Foreign exchange: Offshore renminbi celebrates first anniversary


Hamish Risk
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Growth exceeds expectations; Chinese authorities slowly loosen capital controls

size of deposit base of the offshore deliverable renminbi currency market

 size of deposit base of the offshore deliverable renminbi currency market

Just over a year ago, the Hong Kong Monetary Authority granted permission for quantities of Chinese renminbi to be transferred between accounts in Hong Kong for any purpose for the first time. This marked the birth of the offshore deliverable renminbi (CNH) currency market.

The market’s growth has exceeded most people’s expectations. The CNH deposit base has reached Rmb549 billion ($85 billion) and the offshore renminbi currency market has gone from being practically non-existent to a $3 billion-a-day trade in spot and forwards. The offshore renminbi is now on a par with the previously dominant renminbi non-deliverable forward market (NDF), and has quickly formed one of Asia’s top offshore FX markets. In May CNH trading volumes in Asia surpassed the average daily trading volumes in the NDF market, and HSBC, one of the largest CNH market-makers, expects that the new currency will soon surpass NDF trading in Europe as well. The CNH currency options market has quickly developed too: average daily volumes are about $200 million to $300 million, HSBC adds.

Key drivers

Such rapid growth has been facilitated by two key drivers: a six-fold increase in renminbi trade settlement, which accounted for 7% of total mainland China trade in the first quarter of 2011, up from 1% a year ago, and a revival of the Hong Kong-based CNH bond market, whose first issuance was back in 2007 but has been reawakened by the insatiable appetite of offshore depositors to buy real assets. Issuance jumped 300% in the second quarter of 2011 as a mixture of Chinese onshore borrowers and international issuers took advantage of the cheap funding rates of less than 2%.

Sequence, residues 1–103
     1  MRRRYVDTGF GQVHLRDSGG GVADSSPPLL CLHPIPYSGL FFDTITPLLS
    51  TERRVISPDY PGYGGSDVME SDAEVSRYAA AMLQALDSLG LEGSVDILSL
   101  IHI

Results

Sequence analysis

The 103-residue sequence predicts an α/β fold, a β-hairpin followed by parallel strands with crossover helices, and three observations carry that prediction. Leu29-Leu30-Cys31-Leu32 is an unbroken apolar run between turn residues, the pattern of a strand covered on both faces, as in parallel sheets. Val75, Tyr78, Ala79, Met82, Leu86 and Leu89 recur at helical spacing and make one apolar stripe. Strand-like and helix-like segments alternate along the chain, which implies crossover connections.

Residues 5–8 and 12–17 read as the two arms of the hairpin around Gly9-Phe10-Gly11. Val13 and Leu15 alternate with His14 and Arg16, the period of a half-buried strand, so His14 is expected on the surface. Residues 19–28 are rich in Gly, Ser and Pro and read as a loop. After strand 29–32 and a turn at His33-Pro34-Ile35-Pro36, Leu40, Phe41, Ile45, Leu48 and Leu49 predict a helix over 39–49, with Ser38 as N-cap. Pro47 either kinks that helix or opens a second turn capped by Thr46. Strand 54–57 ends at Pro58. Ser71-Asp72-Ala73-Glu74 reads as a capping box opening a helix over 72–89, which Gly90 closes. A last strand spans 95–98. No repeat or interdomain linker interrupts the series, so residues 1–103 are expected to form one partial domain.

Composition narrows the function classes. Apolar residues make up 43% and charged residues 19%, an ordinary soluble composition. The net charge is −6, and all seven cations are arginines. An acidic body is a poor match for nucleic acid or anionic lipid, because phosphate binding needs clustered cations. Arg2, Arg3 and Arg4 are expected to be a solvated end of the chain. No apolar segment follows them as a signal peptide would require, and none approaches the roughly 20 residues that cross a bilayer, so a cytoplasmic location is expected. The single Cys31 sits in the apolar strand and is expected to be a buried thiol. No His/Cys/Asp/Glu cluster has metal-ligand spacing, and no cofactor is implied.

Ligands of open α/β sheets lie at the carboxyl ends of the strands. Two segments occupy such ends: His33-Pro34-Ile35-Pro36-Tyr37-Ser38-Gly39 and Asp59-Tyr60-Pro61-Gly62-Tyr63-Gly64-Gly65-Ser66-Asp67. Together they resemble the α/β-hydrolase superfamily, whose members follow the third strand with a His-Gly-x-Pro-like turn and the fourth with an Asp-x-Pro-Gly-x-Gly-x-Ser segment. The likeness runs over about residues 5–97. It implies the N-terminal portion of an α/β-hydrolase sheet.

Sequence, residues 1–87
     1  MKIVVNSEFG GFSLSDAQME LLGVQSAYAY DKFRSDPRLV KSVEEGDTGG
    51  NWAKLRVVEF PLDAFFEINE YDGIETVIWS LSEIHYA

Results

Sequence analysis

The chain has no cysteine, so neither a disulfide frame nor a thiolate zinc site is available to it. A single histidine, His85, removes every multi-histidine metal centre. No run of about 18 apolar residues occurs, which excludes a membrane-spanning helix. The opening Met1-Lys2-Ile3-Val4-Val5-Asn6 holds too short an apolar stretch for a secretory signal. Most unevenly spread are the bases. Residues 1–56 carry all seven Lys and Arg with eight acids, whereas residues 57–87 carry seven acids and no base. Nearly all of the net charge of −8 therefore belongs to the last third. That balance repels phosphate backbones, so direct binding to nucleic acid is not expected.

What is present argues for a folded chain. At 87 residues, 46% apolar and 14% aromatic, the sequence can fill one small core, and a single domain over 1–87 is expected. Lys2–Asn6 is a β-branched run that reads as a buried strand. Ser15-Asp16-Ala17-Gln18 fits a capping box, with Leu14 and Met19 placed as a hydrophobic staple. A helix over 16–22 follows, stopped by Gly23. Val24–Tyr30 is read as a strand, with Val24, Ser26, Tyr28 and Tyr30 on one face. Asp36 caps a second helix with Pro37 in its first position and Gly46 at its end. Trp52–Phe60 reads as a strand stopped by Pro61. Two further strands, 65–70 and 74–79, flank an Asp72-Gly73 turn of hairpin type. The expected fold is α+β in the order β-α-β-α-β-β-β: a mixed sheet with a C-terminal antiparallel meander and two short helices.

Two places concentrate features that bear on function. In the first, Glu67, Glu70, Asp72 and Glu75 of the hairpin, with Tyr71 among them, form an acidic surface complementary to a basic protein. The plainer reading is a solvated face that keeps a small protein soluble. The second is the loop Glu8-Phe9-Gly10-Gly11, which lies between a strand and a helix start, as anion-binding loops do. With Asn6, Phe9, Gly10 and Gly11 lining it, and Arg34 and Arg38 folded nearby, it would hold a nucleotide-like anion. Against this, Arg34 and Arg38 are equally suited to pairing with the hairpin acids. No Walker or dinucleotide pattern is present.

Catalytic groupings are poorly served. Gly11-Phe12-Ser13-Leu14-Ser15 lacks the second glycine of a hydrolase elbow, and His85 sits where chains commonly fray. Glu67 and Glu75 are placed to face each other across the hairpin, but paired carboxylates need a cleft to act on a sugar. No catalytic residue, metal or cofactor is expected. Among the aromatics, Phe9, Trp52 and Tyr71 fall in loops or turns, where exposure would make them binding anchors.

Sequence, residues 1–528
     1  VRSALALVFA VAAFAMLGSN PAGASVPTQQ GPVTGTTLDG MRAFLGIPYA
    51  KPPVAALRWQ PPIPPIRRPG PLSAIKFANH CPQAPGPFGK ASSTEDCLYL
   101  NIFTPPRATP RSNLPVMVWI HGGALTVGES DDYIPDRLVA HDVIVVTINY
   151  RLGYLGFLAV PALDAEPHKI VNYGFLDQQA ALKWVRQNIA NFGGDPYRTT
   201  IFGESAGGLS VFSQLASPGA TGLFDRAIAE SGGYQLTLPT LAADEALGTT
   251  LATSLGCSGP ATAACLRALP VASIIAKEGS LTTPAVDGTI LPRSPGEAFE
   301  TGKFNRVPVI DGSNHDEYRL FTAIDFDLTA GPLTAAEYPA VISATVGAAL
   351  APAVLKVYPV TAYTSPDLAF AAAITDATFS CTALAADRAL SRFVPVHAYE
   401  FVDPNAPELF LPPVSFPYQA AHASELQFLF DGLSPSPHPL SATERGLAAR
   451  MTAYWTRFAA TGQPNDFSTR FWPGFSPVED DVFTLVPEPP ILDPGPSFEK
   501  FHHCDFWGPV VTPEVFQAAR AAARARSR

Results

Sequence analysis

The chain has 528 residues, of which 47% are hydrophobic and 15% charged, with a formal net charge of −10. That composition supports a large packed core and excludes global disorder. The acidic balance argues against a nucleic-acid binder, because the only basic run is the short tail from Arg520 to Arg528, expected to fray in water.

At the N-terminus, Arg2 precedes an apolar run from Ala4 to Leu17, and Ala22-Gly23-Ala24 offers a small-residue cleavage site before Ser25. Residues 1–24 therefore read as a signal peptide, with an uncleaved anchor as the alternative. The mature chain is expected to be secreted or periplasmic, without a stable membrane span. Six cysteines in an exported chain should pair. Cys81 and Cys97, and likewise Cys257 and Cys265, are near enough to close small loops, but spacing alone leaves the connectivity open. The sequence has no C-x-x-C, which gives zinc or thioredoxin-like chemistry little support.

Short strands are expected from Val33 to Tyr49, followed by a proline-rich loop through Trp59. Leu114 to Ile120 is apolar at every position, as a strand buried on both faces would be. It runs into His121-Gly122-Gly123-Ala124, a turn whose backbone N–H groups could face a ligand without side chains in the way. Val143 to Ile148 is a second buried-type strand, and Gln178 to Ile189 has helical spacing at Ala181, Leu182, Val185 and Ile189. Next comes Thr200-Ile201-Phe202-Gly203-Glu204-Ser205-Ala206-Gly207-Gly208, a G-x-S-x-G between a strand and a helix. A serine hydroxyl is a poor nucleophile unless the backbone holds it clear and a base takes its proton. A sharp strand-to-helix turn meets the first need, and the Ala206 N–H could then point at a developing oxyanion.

Thus, the internationalization of China’s currency, putting it on the path towards becoming the next reserve currency, has been set in train, or perhaps more accurately, has set off on ‘training wheels’ towards full convertibility. However, there still remain limits on the amount of capital that is allowed to flow between the onshore and offshore markets. Indeed, the People’s Bank of China has in the past slapped the wrists of banks in Hong Kong to remind them that they’re not completely free to transact FX business with corporate clients for trade accounts, and that deals must be approved on a case-by-case basis. Ditto for foreign direct investment, such as Chinese borrowers raising renminbi in Hong Kong.

Internationalization: a core policy

And should the flow of hot money become too great, might the Chinese authorities bring down the shutters? After all, China’s inflation is running at a three-year high and cheap funding from Hong Kong might only fuel that further. No, say analysts – the internationalization process is unlikely to go into reverse.

"It’s clear that this is core policy, it’s very important and cannot be ignored," says Daniel Hui, a senior foreign exchange strategist at HSBC in Hong Kong. Hui adds that the situation is akin to what happened in Europe 20 years ago, when the Maastricht Treaty was signed, setting the wheels in motion for the establishment of the euro.

The Chinese authorities are in effect letting renminbi liquidity expand out of China by creating the offshore platform in Hong Kong and then gradually letting the two pools interact more. By opening up a very small channel for portfolio flow investment, they’ve allowed a certain number of banks and financial institutions to take existing renminbi raised in the CNH market and reinvest it in the onshore interbank bond market. In June the Bank of China, one of the most active issuers in the CNH bond market, received approval to bring CNH10.5 billion back onshore and invest it in the local treasury bond market. This was a rare thing for the authorities to do, being only the second approval given after China Merchants Bank won similar permission.

Continued growth

So what does that all mean for the continued growth of the trading volumes in the CNH currency market?

"The CNH is a huge success and one can freely buy it, sell it, borrow it and lend it," says Mark Johnson, global head of FX cash trading at HSBC in London. "This is a growing market which is constantly evolving, although at present there aren’t enough instruments to satisfy the demand, which limits the amount of investor involvement. To aid further growth a larger bond market would enable investors to place CNH in instruments other than short term deposits"

Future growth very much depends on how tightly the People’s Bank of China controls investment portfolio flows from offshore to onshore. As long as investors believe that owning renminbi is a one-way bet, and while deposit rates in Hong Kong might be almost negligible at less than 1%, the real gains are in the appreciation of the currency.

That might also deter overseas borrowers from coming to the CNH bond market, because although it might be cheaper, they’re taking the wrong side of the currency exposure, because in all likelihood the currency will have appreciated by the time the bond matures. 

Also see

Voracious investors grow picky amid CNH supply glut
June 2011

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